• 1 log plain goat cheese – 5 or 6 ounces
  • 2 tablespoons red pepper flakes (less if you can’t handle the heat)
  • 1 tablespoon Worcestershire sauce (optional)
  • olive oil

Follow these instructions for the dough, if using my crust recipe.

Saute the banana peppers, onion and garlic in olive oil. Set aside.

Once the dough has started to golden slightly, pull out of the oven. Brush once more with the olive oil and add slices (or crumbles) of the goat cheese. Layer the pepper, onion and garlic mixture, the artichoke hearts. Add chickpeas last (this way they won’t roll off). Sprinkle with red pepper flakes and Worcestershire sauce (if using).

Pop back in the oven for another 10 minutes, or until the crust has browned to your liking. Let cool on a rack before cutting.

FYI – I almost expected this pizza to be kind of, well, dry. But it wasn’t at all. The goat cheese was nice and soft and the artichokes almost pop in your mouth. Plus sauteing the peppers and onions first really brought out nice juices, versus “dry” raw vegetables.

Serves about four.

Recipe: Sarah Steimer

Photo: Sarah Steimer

*Throughout August, “That’s Amore” will feature our favorite pizza recipes using farmer’s market ingredients — all of which can be found here.

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by Sarah Steimer

My gnocchi didn't look perfect, but I'm pretty sure that's what happens when you're neither A.) a machine nor B.) a professional chef.

  • 2 pounds Russet potatoes (about two potatoes)
  • 1 1/2 cups all-purpose flour
  • Salt
  • 1 whole egg plus 1 egg yolk, beaten
  • 1 or so bunches of broccoli
  • 2 tablespoons olive oil
  • 1 teaspoon crushed red pepper flakes
  • 4 garlic cloves, thinly sliced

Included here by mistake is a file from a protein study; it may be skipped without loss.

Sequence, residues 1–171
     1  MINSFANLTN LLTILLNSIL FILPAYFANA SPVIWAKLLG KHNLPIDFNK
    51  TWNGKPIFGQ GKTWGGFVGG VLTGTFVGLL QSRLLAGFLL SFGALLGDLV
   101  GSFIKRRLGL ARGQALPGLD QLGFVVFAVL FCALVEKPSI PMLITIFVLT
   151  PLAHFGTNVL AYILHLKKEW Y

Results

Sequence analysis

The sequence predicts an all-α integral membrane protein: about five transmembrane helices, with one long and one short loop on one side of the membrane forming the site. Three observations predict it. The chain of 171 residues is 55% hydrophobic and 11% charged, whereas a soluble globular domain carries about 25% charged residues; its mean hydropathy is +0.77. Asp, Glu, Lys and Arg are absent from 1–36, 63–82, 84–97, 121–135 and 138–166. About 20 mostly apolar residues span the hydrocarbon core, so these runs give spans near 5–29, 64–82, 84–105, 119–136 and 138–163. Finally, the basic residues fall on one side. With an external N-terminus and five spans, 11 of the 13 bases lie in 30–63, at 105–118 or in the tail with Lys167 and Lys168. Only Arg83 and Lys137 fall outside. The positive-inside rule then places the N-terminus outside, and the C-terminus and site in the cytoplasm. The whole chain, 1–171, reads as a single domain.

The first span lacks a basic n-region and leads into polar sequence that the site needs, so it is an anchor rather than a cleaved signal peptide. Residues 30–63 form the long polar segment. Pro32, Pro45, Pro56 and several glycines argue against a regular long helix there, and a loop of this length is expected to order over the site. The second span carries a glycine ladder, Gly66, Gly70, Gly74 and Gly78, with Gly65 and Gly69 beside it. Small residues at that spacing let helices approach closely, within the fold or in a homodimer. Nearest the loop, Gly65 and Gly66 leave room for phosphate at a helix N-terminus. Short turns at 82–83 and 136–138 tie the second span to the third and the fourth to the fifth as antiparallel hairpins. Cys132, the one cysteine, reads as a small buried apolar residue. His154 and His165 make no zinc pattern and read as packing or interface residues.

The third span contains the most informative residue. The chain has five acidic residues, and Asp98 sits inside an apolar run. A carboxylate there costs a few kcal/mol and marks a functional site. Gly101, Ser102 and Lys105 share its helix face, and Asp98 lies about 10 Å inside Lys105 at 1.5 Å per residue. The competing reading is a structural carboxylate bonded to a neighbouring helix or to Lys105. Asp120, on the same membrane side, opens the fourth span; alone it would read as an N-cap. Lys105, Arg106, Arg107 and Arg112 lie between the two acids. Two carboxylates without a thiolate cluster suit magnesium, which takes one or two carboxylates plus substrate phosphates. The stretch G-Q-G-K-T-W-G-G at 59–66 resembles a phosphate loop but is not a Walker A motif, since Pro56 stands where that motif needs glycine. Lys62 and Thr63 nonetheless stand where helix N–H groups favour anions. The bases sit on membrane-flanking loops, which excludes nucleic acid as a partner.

• grated Parmigiano Reggiano cheese

Make a slash around the circumference of each potato, cutting just through the skin (this will help get the skin off easier when you finish cooking the potatoes).  Bake potatoes in a 350 degree oven until a knife can be inserted easily, about an hour. Or you could pop it in the microwave for a few minutes on the baked potato setting.

Pull the skin off and press the potatoes through a potato ricer into a large mixing bowl or mash it however you can — I just used a hand potato masher and didn’t wind up with many lumps at all. The goal is lump-free potatoes.

If you make more gnocchi than you'll need that day, freeze the pre-cooked pieces on a cookie sheet for about an hour then transfer to a freezer bag, back in the freezer. The gnocchi can last for weeks in there.

Add flour, 1 teaspoon salt and eggs. Mix with your hands into a smooth dough — this works better if the potatoes are warm. Place dough on a lightly floured work surface and knead lightly.

Cut the dough into 4 pieces. Give yourself plenty of counter space and roll each piece with your fingers into a rope about the thickness of your finger. Cut into 1-inch lengths. Roll each on the back of a large fork along the tines, flicking it off into a grooved and rounded shape.

Let me stop right here and say that I have no clue why this fork thing is necessary. I think it was a big time-waster, frankly. Skip it if you’d like.

Place gnocchi on a floured baking sheet.

Clean and trim broccoli then steam it until it reaches your desired tenderness. In the same pot, once you’ve removed the broccoli, add salt to the water and bring to a boil again. Gently add gnocchi to the boiling water in batches. Don’t put in more gnocchi than will rest separately on top when they float to the surface. Continue to cook for 90 seconds after they have risen. Remove with skimmer and place into a colander.

Heat olive oil in a large skillet. Add red pepper flakes and garlic and cook just a few minutes until lightly browned, stirring frequently. Add broccoli, gnocchi and and about 1/2 cup water to skillet, tossing gently and seasoning with salt and pepper.

Add shredded cheese to individual servings.

Makes about four servings.

Recipe adapted from: Cook, Shoot Eat… a photographer’s journey

Photos: Sarah Steimer